If you make decisions about what to buy for your construction company then you might be interested in knowing how your peers feel about the way sellers approach them. You also might be surprised to learn how other construction buyers find their vendors. Besides telling you if you follow similar patterns as the others, this could also come in handy by offering some new ideas, or, showing you just how far out-of-the-ordinary you might be.
Perhaps you’d be surprised to find out that while 75 percent of construction buyers use word-of-mouth as the primary way to find vendors for the products and services they need, almost as many, 71 percent, heavily rely on general Internet searches. You don’t need to wonder if you are behind the times by not using social media to find vendors because most of your peers aren’t using it either. And, if you find yourself trusting the reviews of total strangers on the Internet when you are making your final buying decisions, then you are not alone. More people trust those reviews than the recommendations from colleagues.
One thing more than half of construction buyers have in common is they want to see the price on the Website. Not only that, they want all the information to be there, including specifications, MSDS and the complete product listing. You can find out all the peculiar details about how construction buyers choose products and vendors by downloading a free white paper from BuyerZone.
For those of you who are actively looking to sell to construction buyers this is most definitely an eye-opening report. Perhaps very telling was the list of things construction buyers view as their most challenging issues. Below, you can take a survey with responses covering the typical answers found in the BuyerZone survey.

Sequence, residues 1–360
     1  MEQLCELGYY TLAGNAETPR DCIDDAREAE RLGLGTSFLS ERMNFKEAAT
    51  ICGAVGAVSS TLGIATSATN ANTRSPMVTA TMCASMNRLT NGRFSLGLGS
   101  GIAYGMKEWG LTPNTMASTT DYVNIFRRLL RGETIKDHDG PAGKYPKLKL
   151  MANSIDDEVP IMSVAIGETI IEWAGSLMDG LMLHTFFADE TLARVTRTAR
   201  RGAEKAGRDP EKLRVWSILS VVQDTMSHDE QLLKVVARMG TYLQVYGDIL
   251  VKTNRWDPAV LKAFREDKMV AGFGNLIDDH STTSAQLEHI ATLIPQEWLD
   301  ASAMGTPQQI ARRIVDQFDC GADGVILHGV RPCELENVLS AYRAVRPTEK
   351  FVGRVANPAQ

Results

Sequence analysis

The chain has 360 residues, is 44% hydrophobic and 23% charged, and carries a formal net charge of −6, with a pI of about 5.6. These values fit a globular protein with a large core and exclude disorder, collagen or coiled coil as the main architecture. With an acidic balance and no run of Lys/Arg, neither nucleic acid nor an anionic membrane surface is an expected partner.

The cost to insurance companies when people loose their buildings to natural disasters is perhaps one reason the insurance industry has embarked on an enthusiastic effort to quantify and qualify the worthiness of materials and construction practices used in buildings.
For example, the payouts from hurricane Katrina will total about $60 billion when the calculators stop tallying. That number will even eclipse the payouts from 9/11, the biggest insurance payout in the country’s history up to that time. So, it seems the insurance industry wants to identify the culprits that are running up the tabs. Its sights are set on building materials and the people who install them and it will soon have a brand new, disaster-creating facility that is expected to uncover why buildings fall apart in hurricanes, severe thunderstorms and wind-driven wildfires. According to an article in Engineering News Record:
The Institute for Building and Home Safety (IBHS), a Tampa, Fla.-based insurance industry group whose member companies are sick of paying for losses to buildings that fail in heavy weather are finishing up the construction of a $40-million building materials and assemblies test facility nearing completion in Chester County, S.C.
The insurance industry expects the results of its research at the new facility will lead to a massive reduction in how much it spends every year for roofing materials needed to replace storm-damaged roofs. The reduction in expense will pay for the test facility. You can read all about the engineering marvels associated with the facility at the link above. The fan tower that can withstand 8,000 pounds of thrust and the fire pit that will produce a rain of molten embers are the kinds of features that might even have Hollywood camping out on its doorstep.
But what builders and materials manufacturers should really take note of is the interest here in finding out who, or what are the weak links in building when it comes to natural disasters. As one of the the principle engineers on the job says:
“We need to get rid of all the smoke screens that come up after these events,” said Timothy A. Reinhold, describing how the material manufacturers and installers invariably start blaming each other’s work whenever building systems fail.